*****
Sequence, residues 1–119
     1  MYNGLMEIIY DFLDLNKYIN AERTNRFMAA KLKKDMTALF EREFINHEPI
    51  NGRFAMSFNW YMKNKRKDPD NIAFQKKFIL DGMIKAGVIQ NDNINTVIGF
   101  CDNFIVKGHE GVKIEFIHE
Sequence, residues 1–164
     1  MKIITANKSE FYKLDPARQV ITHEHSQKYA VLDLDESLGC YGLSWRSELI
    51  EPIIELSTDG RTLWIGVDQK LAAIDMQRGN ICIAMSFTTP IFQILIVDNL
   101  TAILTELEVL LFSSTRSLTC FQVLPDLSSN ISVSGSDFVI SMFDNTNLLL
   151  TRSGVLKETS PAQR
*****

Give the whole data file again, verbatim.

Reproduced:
Sequence, residues 1–119
     1  MYNGLMEIIY DFLDLNKYIN AERTNRFMAA KLKKDMTALF EREFINHEPI
    51  NGRFAMSFNW YMKNKRKDPD NIAFQKKFIL DGMIKAGVIQ NDNINTVIGF
   101  CDNFIVKGHE GVKIEFIHE
Sequence, residues 1–164
     1  MKIITANKSE FYKLDPARQV ITHEHSQKYA VLDLDESLGC YGLSWRSELI
    51  EPIIELSTDG RTLWIGVDQK LAAIDMQRGN ICIAMSFTTP IFQILIVDNL
   101  TAILTELEVL LFSSTRSLTC FQVLPDLSSN ISVSGSDFVI SMFDNTNLLL
   151  TRSGVLKETS PAQR